Pharma Cash Cow: Old Medications, Lucrative Opportunities

In August of this year, the rights to the decades old drug Daraprim were purchased by pharmaceutical company Turing Pharmaceuticals.  Daraprim is the standard of care for treating toxoplasmosis and is used as well in treating HIV infections, cancers, and malaria.  Although the drug was previously sold at $13.50 per tablet, upon its purchase by Turing Pharmaceuticals, the drug’s price increased by over 5,000% to $750.00 per tablet, sparking mass outrage across the internet.

The CEO of Turner Pharmaceuticals, Martin Shkreli, a former hedge fund manager, responded to the widespread criticism of the price increase by providing several reasons for the pricing structure change.  In particular, Mr. Shkreli cited the need to keep the company’s manufacturing costs competitive and to raise capital for the development of new medications to treat toxoplasmosis.  However, medical professionals indicate that there is no need to develop new pharmaceuticals to treat toxoplasmosis and that the former price was profitable, albeit at a much smaller margin.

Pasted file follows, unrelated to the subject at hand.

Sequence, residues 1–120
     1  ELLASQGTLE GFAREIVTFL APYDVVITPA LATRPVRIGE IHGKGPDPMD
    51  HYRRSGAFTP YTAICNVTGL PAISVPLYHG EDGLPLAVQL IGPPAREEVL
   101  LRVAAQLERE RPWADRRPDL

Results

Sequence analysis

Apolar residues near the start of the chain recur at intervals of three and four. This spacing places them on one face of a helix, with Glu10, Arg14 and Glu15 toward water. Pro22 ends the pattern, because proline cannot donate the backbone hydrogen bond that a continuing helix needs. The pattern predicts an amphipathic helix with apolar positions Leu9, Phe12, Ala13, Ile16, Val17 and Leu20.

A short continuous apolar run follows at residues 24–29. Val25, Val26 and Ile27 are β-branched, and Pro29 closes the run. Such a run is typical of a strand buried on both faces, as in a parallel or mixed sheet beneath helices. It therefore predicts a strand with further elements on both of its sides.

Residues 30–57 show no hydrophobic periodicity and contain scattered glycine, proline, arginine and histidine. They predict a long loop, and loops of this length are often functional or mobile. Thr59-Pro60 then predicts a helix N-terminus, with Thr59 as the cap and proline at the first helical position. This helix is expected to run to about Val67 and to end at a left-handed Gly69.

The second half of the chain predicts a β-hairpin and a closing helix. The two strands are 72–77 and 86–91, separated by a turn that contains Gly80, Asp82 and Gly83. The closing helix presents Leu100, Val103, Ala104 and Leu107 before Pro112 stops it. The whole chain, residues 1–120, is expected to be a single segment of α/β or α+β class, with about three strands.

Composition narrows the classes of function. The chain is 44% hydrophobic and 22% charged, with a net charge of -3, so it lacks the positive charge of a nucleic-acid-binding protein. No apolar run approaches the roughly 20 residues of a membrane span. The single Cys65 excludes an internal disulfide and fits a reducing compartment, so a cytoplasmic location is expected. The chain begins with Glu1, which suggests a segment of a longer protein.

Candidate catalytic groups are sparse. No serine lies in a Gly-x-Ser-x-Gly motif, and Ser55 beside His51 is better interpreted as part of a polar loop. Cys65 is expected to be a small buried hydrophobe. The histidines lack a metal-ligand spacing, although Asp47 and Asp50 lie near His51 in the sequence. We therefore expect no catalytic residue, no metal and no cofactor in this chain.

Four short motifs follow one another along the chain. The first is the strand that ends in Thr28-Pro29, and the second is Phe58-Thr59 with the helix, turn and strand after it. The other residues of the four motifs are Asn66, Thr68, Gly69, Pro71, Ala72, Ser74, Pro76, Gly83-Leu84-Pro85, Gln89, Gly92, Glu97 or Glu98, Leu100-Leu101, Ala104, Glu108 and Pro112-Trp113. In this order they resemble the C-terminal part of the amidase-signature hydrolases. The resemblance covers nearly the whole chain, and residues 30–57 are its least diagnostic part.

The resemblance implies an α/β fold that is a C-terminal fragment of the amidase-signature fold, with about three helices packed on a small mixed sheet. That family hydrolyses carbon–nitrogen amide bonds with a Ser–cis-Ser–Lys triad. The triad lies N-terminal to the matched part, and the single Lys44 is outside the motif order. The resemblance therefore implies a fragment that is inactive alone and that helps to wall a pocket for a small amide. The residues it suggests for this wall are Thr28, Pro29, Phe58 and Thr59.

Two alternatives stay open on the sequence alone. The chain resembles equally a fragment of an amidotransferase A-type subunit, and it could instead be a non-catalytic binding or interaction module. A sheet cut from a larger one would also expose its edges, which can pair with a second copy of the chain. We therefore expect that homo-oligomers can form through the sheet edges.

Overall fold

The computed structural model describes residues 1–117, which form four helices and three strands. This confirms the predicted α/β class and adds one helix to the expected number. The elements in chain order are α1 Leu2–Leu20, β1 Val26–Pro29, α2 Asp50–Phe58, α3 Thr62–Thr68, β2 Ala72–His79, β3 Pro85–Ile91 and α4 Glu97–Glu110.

In response to the public outcry against the price hike, which included criticisms from former Secretary of State Hillary Clinton and presidential candidate and Vermont Senator Bernie Sanders, Turing Pharmaceuticals has reversed the price increase. However, Turing Pharmaceuticals is not the only pharmaceutical company to acquire an old medication and subsequently increase its price to boost profits.  Other drugs, such as Sovaldi, used to treat hepatitis C; Harvoni, a follow-on formulation of Sovaldi for hepatitis C; Retrophin, used to reduce kidney stones; and Cycloserine, used to treat drug-resistant tuberculosis, have also been subjected to similar price increases. Congress is poised to inspect the recent trend in drug price increases, but until congressional action is taken, it appears public outcry will be the primary means of keeping more excessive increases at bay.

To read more about, this click on any of the following links:  LA Times, NBC, NBC News, CBS News